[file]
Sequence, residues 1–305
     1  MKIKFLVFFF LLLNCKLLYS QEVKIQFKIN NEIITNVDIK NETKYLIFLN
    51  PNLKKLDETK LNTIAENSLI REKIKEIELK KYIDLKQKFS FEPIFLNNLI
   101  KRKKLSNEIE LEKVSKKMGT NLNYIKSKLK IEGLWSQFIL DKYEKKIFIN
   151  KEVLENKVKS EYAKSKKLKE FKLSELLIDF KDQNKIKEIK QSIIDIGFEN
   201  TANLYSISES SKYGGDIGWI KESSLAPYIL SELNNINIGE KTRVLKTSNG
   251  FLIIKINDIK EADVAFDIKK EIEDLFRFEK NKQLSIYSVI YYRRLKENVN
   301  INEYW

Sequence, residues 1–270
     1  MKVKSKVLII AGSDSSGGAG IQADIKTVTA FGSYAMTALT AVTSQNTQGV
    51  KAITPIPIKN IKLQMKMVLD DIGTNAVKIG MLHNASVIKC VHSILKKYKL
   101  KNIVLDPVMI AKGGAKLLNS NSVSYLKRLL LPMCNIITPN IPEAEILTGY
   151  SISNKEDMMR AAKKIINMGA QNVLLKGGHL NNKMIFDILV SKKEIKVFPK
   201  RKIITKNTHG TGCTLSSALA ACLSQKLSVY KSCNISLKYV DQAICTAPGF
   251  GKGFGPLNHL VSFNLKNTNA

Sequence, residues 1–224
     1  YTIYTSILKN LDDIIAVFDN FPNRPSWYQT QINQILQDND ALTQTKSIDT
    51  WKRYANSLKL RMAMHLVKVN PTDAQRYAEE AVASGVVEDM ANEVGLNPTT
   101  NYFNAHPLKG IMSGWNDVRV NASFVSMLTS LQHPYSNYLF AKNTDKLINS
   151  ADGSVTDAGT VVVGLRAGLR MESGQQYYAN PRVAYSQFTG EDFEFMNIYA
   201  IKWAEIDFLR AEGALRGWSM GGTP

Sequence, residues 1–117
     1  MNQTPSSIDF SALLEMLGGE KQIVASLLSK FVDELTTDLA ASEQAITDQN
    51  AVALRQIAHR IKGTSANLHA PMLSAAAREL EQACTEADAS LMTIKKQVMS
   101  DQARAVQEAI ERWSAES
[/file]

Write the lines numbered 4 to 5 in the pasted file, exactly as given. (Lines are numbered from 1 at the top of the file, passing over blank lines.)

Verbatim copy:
   101  KRKKLSNEIE LEKVSKKMGT NLNYIKSKLK IEGLWSQFIL DKYEKKIFIN
   151  KEVLENKVKS EYAKSKKLKE FKLSELLIDF KDQNKIKEIK QSIIDIGFEN